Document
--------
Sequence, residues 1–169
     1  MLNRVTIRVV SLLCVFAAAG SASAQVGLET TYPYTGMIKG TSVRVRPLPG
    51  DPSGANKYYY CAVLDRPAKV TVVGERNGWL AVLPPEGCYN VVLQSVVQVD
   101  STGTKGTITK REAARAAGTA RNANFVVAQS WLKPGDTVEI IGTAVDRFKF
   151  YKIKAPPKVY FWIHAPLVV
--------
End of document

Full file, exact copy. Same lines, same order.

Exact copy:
Sequence, residues 1–169
     1  MLNRVTIRVV SLLCVFAAAG SASAQVGLET TYPYTGMIKG TSVRVRPLPG
    51  DPSGANKYYY CAVLDRPAKV TVVGERNGWL AVLPPEGCYN VVLQSVVQVD
   101  STGTKGTITK REAARAAGTA RNANFVVAQS WLKPGDTVEI IGTAVDRFKF
   151  YKIKAPPKVY FWIHAPLVV